Yogic chants float in through the open shutters, the cadences straining through the floating white cotton. The chanting is joining the preparations. The night is ending and the day will start. The chant now doubles. Two sets of voices. A very slight delay moves the sounds between harmony and echo, a subtle sound that I am aware of but cannot catch, like listening to the ticking of two clocks.Read More
As well as the carvings on the exterior walls, the pillars inside the temple - which hold up its roof - are breathtaking in their design and individuality - no two are alike. The dark and cool interior offers a refuge from the spring sunshine, yet looking out, through the passage, the glossy blackness of the interior sucks the daylight into the shrine....
.... one can still be impressed by the craftsmanship and marvel at the intricacy of the carvings. For the Hindu family this is the perfect place where stories can be passed on, where the imagery will reinforce the moral of the tale, and where, as the child grows up, all of life is laid before them, including the demands of adulthood - at a height of six foot.
As we approached the top I was struck not by the climb that those regularly coming for prayer and supplication must make but the fact that the buildings were constructed here at all with tools and supplies having to be brought up.
So, already duly reverential, seeing the monolith in its fullness could be said to be almost sublime. Despite its size, even close to it has a stillness and calmness that is tangible. A mixture of awe and peace floats in the air and there is nothing to do but to look...Read More
This wonderful building was defined against the night sky by the light from over 98000 light bulbs, and in the warm Sunday evening air people from all over gather together to enjoy the spectacle. Families play with light balls, throwing them in the air and trying to catch them before they roll away under hundreds of feet; young lovers stand with their back to the palace, mobile phone at arms length for that all important selfie, and all of us just rejoice in the brilliance all around us.Read More
A drive up the Chamundi hills, a dozen kilometres out of town, gives the traveller a good view of the city and the surrounding countryside. At the top of the hill stands the colourful, giant statue of Mahishasura, sword in one hand, serpent in the other. Here is the site of another tale, one where the demon Mahishasura was slain by the goddess Durga. His statue stands proud and colourful, but I wonder why it is him not Durga who is here?Read More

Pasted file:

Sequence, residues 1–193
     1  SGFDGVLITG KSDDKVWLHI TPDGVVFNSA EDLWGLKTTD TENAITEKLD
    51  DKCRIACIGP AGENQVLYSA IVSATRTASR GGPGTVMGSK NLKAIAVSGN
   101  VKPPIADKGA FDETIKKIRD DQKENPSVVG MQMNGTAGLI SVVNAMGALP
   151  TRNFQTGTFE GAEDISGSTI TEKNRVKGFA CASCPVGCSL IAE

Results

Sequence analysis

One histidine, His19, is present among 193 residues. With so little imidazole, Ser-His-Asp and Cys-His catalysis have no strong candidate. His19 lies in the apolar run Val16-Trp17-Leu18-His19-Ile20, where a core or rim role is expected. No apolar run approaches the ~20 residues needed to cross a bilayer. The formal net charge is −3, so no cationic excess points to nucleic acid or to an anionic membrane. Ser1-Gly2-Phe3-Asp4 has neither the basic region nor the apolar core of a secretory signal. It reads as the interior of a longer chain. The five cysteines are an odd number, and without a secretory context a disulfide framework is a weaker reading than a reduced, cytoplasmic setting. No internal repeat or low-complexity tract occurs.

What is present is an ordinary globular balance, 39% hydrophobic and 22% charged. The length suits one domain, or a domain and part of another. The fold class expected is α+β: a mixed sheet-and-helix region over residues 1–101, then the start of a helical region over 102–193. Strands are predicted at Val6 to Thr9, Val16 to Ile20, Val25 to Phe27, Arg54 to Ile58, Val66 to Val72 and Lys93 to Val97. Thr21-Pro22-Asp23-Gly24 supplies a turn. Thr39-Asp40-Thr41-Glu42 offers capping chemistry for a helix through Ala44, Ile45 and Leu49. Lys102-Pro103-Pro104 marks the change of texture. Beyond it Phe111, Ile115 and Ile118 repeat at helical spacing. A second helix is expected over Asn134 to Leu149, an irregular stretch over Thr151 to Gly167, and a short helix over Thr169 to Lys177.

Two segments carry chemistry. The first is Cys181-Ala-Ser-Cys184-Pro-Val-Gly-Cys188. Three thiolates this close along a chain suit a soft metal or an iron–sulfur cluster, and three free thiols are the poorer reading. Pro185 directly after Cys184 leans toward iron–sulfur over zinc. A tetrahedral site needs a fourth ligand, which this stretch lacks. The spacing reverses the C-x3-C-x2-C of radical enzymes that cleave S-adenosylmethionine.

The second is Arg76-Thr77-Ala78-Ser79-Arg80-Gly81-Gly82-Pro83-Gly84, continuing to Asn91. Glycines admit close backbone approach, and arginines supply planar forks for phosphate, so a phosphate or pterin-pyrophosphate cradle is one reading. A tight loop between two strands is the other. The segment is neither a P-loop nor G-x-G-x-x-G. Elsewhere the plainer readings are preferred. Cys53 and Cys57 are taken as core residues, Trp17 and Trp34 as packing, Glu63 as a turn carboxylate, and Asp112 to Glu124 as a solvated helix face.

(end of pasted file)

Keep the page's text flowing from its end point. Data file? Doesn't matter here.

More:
He is holding her hand. His long middle finger curves over the back of her hand; the second and fifth are bent so that the tips gently brush or rest on her thumb and wrist respectively. His grip is loose yet firm, enveloping her palm but allowing her fingers to be free, to caress the space between his thumb and first finger. Around his wrist, three bangles; around hers a wide bracelet. Shorter than he, she stands demure but no less sure; slender waist and bare breasts symbols of femininity and surety without being provocative or sexual. He stands firm without being domineering even though he is aware of his power. His broad shoulders are reminders of that power, not threatening, but as she just is, so he just is.Read More
Those who weave and sew the flowers are more than happy to show off their work, proud of the quality that they can produce from just the fingers and little else. Fingers move swiftly, sewing blossom with strips of raffia or lengths of fine straw, weaving in coloured disks of card and paper, small beads and ribbon. At one stall a group of women are sitting on the floor, their legs stretched out in front of them, their bare feet, with ringed toes, crossed.Read More
The Meenakshi Temple in so many ways demands superlatives. The splendid precinct, the towering gateways, the colourful statues and the vibrant life - all are breathtaking. Alas, the distracting thing is its transformation from temple to attraction. Meenakshi is one of only a small number of occasions when I am very aware of the throng of tourists.Read More
As we walk barefoot around the temple, our right shoulders to the building, because the left side is not as respectful, Lakshmi regales us with stories about a few of the multitude of gods of the Hindu faith. Shiva, to whom Mylapore temple is dedicated is the god of destruction. When Shiva dances, all is destroyed. To Western minds this concept may seem negative, but from destruction come new beginnings. After Shiva has danced, the only thing that remains is the skull he holds in his hand, from which will come renewal and rebirth.Read More
We have been invited to visit the home of one of the priests from the temple so that we may see a ‘typical’ house and gain some insight into domestic arrangements. On the way we pass a beautiful woman selling flowers...Read More
Their stories will follow us around and will change at each chapter. Nothing is certain about a religion with 300 million gods. “No. 330 million gods!” “Oh no. 340 million!” “No, no no. You've all got it wrong. Three gods. Several million avatars.” Well, whatever the number, the stories are infinite and various.Read More
The standing around is a blend of the tedious mixed with anticipation, like waiting in the wings of a theatre, early and eager for my cue, before being allowed on stage for my first, very small part in a very large play.Read More